Anna Netrebko (sitting at the center, pink dress) in a party scene at the opening of the Metropolitan Opera's production of Gounod's Romeo et Juliette, which was shown in movie theaters around the world on Dec. 15. Copyrighted photo by Ken Howard, courtesy of the Metropolitan Opera.
Entering theater 7 in the Regal Hamburg Pavilion 16 cinema, my ears were greeted by the sounds of an orchestra tuning up.
It’s not a typical Saturday afternoon at the movies.
The orchestra was live, though it was not in the theater. It was just over 700 miles away at the Metropolitan Opera House in New York’s Lincoln Center.
For years, we’ve been able to hear Metropolitan Opera’s Saturday matinees live on the radio, locally on WEKU-88.9 FM. But last year, the nation’s leading opera house made an international splash with its live high-definition broadcasts to movie theaters around the world. The 2007-08 season started last weekend with Charles Gounod’s Romeo et Juliette, and continues New Year’s Day with Englebert Humperdinck’s Hansel and Gretel. Eight operas are planned for live HD broadcasts this season, including the 5 1/2-hour Richard Wagner marathon of Tristan und Isolde, on March 22.
If you are an opera lover, these shows are a must, and if you aren’t, you may have a conversion experience at the movie theater. The HD broadcasts take you up as close as you could hope to be for a Met production, with sound that has to be second only to being in the Met. Put it this way: I’ve heard Anna Netrebko, who played Juliette last Saturday, in recordings before. Hearing her Saturday made me go home and download a whole lot more Anna.
One person I chatted with said it was disconcerting to have the sensation of being at a live performance, but see all the closeups the broadcast provided. It was an interesting point, but a static camera giving an audience view of the stage would be a boring way to watch the show. And really, those closeups are part of the trade-off we get for not hearing the voices live. In exchange, we get views of the stage, the costumes and the stars that no one in Lincoln Center is getting.
Right after intermission, we got an overhead view of Romeo and Juliette’s wedding bed — they were decent — that made it look as if they were floating in space with starlight on the floor.
There were a few occasions where something that seemed choreographed to play to a 3,800-seat theater didn’t work as well on film, like the dying couple lurching for each other in the final scene.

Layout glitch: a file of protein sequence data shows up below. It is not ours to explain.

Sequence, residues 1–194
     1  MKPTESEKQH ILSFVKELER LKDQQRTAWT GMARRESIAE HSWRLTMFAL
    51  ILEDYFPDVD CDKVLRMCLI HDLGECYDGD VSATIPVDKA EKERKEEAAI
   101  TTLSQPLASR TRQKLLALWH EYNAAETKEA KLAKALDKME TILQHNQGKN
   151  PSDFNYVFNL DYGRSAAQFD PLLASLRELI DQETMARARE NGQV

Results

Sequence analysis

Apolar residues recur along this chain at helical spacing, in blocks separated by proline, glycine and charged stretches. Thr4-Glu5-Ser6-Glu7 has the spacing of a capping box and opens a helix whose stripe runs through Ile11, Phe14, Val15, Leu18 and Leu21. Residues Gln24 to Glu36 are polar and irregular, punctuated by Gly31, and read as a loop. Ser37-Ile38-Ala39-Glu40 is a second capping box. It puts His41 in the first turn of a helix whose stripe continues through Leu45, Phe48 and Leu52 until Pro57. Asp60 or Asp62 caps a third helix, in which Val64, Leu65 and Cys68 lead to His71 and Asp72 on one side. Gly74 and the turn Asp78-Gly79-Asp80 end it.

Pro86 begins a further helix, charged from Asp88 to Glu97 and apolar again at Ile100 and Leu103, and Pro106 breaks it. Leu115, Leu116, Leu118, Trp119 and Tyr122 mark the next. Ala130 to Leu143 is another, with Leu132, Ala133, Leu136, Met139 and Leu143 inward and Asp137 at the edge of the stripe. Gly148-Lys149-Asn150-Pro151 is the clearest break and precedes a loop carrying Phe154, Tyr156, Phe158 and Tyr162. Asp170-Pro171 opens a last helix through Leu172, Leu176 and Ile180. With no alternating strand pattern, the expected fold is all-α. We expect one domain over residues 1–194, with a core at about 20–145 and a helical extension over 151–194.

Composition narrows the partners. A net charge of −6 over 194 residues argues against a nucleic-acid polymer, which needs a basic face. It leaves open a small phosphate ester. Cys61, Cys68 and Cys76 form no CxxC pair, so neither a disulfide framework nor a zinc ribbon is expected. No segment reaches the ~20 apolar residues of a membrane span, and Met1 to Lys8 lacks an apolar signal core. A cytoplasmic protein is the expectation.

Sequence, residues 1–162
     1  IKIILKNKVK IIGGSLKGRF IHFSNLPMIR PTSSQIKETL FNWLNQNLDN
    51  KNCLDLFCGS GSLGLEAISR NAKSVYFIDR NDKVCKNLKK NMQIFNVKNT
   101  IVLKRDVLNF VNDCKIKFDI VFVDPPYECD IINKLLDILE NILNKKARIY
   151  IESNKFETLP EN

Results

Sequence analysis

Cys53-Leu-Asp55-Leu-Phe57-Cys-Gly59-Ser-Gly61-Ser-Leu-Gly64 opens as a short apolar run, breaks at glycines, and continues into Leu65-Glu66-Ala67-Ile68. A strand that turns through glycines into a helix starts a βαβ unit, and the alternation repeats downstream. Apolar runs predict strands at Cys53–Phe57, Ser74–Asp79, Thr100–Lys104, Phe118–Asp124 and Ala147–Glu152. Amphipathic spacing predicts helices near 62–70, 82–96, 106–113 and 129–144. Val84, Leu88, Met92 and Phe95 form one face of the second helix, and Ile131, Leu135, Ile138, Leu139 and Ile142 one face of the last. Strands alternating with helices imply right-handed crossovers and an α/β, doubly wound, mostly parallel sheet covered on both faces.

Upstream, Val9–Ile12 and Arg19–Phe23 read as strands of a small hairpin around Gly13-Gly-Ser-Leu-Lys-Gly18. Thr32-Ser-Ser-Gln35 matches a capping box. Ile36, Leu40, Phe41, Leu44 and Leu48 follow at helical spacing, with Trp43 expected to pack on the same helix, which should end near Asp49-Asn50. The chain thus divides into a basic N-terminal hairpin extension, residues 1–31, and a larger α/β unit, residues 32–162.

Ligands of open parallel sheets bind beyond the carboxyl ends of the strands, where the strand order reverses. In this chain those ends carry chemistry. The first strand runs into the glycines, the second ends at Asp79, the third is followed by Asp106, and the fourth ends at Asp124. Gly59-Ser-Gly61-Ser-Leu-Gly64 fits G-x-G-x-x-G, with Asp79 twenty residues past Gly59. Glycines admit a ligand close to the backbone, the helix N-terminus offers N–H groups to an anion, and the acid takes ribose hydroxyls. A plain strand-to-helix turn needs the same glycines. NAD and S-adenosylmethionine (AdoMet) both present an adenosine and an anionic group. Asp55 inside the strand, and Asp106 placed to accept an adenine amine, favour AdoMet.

The thing I did find disconcerting, though simultaneously cool, was the way the cameras would slip behind the curtain during scene changes. Yes, it was neat to see Roberto Alagna, the opera’s Romeo, doing vocal exercises as the set was changed. But it also killed that suspension of disbelief. Opera has never been big on suspension of disbelief, but as the form becomes more theatrical, producers and directors might want to pay more attention to that. These are elements that may work better as DVD extras — five titles from this season will be released.
For the broadcast, soprano/interviewer Renee Fleming was backstage during intermission. Her initial questions for Anna featured some of the most blatant TelePrompTer reading we’ve seen in a while, though she eased into it and drew out funny moments such as Anna saying she’s not as innocent as Juliette and Roberto saying he’d like to play Romeo opposite Fleming.
The best humor though was of the unintended variety during Fleming’s we’re-walking-we’re-walking interview with conductor Placido Domingo. As they strolled from his dressing room to the orchestra pit door, several stagehands and other crew members popped out of doors along the hallway and were immediately contemplating, on global TV, how to dodge around the strolling opera legends and their camera. Fun.
The most fun though was seeing the show with other opera fans, like the woman behind me who kept referring to the baritone singing Mercutio as, “my husband, Nathan Gunn.” This is a passionate bunch, and its more fun sharing the experience with them rather than sitting at home in your PJs, even on the cold, rainy afternoon that was Dec. 15.